A Secret Gift
Christmas 1933 promised to be bleak in Depression-scarred Canton, Ohio. Businesses had shut down, crime was running rampant and once-affluent businessmen couldn't even afford shoes for their children.
Then an ad from a benefactor known only as Mr. B. Virdot appeared in the local newspaper, offering cash gifts to 75 families in need. Letters describing the incredible personal sagas that characterized the desperation of the times poured in to the man revealed 75 years later to be Sam Stone.
In A Secret Gift, award-winning journalist Ted Gup, JD, a 1978 alumnus of Case Western Reserve University's School of Law and grandson of the evasive Stone, shares how he came across this trove of letters to discover the secret life of his grandfather and the hidden history of the Great Depression.
It is difficult for Americans today to grasp the stigma that attached to government "handouts" in 1933. By February 2010, thirty-eight million Americans—one in eight—were on food stamps. But in those early years of the Depression, the people of Canton, and those of the nation, would have recoiled at the idea of such a program. The seismic shift in public attitudes toward welfare and public relief programs, indeed toward government as a whole, that followed the Hard Times was as fundamental and far-reaching as any in our history. But in 1933, antagonism to public aid was still deeply ingrained. That fierce individualism can be heard in many of the letters to B. Virdot. Among these was the one written by Joseph P. Rogers, a once successful insurance agent who for six months of the previous year could not say whether he would be able to feed himself, his wife, and his daughters, Carolyn and Eleanor. "I cannot go to the Welfare for help," he wrote. "I can't even express myself in writing this letter. It hurts. Something within me rebels."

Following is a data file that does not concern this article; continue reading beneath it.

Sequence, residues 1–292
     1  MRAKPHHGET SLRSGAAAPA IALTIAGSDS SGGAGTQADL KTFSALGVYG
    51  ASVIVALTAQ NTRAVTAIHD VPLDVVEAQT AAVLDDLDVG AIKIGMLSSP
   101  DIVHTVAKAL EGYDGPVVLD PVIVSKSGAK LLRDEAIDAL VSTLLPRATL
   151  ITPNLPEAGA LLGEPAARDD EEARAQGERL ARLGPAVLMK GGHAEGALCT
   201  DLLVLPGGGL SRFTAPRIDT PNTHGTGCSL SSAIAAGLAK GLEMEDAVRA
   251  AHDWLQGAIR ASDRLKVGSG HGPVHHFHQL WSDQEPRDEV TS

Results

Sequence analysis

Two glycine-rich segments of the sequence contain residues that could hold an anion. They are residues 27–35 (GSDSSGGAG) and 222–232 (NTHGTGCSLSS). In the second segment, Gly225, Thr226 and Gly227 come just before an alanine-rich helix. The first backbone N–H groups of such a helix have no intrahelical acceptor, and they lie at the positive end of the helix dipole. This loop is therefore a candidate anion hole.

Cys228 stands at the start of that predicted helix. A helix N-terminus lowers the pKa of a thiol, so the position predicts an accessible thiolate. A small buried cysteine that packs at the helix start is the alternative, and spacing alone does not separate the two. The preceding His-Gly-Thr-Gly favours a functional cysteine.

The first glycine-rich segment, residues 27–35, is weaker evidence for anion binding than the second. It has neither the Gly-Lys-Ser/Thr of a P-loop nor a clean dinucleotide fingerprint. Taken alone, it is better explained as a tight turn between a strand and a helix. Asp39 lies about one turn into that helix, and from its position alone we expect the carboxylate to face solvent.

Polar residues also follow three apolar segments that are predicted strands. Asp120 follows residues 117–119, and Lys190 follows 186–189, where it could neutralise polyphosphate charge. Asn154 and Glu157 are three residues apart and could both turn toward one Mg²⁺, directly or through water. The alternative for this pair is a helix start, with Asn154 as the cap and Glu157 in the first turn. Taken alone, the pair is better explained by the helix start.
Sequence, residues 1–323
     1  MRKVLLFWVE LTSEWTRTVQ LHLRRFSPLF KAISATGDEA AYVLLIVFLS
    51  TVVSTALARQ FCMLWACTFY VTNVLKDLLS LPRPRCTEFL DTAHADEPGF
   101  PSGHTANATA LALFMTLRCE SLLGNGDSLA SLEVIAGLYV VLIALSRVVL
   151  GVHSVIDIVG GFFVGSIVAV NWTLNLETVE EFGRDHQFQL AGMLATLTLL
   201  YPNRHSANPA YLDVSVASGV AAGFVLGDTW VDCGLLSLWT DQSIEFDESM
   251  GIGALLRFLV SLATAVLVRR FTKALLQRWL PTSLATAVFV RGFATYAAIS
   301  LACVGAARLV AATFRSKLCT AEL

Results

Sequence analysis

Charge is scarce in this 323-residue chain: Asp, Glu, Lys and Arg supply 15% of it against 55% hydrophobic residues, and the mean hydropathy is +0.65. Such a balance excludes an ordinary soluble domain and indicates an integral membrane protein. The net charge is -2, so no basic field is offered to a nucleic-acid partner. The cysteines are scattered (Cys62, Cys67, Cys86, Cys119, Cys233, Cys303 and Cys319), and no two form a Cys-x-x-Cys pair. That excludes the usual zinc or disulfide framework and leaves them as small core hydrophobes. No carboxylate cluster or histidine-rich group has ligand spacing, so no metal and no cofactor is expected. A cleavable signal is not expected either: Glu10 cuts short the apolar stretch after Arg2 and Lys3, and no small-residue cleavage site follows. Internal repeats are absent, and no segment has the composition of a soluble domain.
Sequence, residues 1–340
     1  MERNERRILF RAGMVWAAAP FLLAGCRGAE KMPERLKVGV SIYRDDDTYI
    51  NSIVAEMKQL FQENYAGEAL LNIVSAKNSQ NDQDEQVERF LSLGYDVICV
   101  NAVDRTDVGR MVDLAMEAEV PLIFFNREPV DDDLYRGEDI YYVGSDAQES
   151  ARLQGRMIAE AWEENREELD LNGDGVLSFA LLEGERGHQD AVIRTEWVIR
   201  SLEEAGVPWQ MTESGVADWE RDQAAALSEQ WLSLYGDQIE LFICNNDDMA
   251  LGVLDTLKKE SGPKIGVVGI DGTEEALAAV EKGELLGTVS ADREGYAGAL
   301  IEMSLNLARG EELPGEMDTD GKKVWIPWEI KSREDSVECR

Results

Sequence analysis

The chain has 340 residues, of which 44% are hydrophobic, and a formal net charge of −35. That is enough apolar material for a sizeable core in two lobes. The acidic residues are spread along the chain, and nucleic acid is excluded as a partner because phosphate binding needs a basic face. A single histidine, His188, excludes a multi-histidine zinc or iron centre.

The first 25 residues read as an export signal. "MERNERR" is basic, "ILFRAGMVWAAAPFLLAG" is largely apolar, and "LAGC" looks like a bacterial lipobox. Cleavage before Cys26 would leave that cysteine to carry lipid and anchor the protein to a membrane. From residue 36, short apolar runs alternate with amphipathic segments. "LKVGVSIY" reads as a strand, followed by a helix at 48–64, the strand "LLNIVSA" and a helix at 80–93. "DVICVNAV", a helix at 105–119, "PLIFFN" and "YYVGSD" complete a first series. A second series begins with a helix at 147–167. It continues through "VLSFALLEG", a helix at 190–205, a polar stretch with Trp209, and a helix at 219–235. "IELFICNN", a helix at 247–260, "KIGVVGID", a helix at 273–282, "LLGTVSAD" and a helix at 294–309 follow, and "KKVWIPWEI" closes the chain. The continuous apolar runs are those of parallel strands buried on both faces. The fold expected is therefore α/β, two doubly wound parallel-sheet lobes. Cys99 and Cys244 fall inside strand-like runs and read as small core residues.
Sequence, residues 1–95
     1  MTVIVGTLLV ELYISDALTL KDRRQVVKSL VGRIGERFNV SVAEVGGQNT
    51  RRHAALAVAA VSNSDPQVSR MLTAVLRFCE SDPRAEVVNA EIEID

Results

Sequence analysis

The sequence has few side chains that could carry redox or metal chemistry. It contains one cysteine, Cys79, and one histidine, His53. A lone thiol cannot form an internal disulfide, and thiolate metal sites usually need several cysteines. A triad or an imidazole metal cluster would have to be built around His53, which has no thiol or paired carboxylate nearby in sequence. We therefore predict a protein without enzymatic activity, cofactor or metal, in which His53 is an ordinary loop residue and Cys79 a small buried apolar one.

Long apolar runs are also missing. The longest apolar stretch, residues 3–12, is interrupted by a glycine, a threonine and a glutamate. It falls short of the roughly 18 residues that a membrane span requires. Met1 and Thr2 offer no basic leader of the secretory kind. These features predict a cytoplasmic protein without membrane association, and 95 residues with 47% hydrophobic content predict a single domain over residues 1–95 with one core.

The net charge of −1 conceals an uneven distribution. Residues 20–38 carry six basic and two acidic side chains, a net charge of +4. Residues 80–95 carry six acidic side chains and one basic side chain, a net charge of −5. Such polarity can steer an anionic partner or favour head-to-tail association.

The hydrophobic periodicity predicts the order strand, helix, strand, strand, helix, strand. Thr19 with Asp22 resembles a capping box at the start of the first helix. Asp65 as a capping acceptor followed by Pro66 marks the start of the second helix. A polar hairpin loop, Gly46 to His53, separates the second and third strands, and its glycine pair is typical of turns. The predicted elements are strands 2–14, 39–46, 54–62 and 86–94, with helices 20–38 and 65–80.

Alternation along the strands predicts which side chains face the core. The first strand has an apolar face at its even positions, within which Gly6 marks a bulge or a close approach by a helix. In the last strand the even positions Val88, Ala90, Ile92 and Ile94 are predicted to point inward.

Merely being identified as one in want was more than many could bear. In one case in particular, the writer's anguish in reaching out to B. Virdot was so intense and her fear of being identified so deep that even three-quarters of a century later I cannot bring myself to identify her by anything more than her first name—Mrs. Bessie A. She wrote:
"I am a poor woman with a sick girl trying to work and help keep home for a crippled sister and myself. We are one of the thousands of unfortunate familys who had seen better days, now to Proud to ask charity...This is one of the poorest xmases I ever had. If I thought this would be printed in the papers I would rather die of hunger first as I haven't been a begger all ways. Hope for better days for my family and the others like us..."
The woman who wrote those words was a fifty-five-year-old mother and former phone operator for Western Union. She had emigrated from Ireland in 1880 hoping for "better days," words that surely would have resonated with the immigrant in Sam Stone. But instead, she found only more of the same. Bessie A.'s words to B. Virdot, particularly her revulsion to accepting charity, are repeated almost verbatim in other letters. Both those born into poverty and those born into privilege viewed the dole with equal distaste. "I believe Mr. Zerby would starve before he would ask for help," wrote Catherine Zerby of her husband, George. The daughter of esteemed photographer Jacob S. Wissler, she was not accustomed to such hardship. "We cannot afford the newspaper," her letter began, written on personal stationery with a gold embossed letter Z.